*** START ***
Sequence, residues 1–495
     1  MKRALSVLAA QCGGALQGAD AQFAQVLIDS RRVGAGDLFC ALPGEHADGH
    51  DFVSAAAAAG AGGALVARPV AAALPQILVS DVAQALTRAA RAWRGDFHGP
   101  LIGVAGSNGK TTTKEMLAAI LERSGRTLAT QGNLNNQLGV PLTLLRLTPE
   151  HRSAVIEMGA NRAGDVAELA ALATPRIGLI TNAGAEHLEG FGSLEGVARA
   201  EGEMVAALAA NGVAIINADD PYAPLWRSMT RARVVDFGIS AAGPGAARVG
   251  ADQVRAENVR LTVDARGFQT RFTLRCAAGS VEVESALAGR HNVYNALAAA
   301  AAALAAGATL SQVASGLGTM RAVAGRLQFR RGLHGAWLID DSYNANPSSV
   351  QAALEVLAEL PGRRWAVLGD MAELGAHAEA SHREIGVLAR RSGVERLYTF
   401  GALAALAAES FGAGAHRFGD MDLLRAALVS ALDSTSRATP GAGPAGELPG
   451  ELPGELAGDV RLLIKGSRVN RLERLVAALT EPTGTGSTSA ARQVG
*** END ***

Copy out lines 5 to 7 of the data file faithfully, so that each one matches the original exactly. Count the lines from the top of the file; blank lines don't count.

   151  HRSAVIEMGA NRAGDVAELA ALATPRIGLI TNAGAEHLEG FGSLEGVARA
   201  EGEMVAALAA NGVAIINADD PYAPLWRSMT RARVVDFGIS AAGPGAARVG
   251  ADQVRAENVR LTVDARGFQT RFTLRCAAGS VEVESALAGR HNVYNALAAA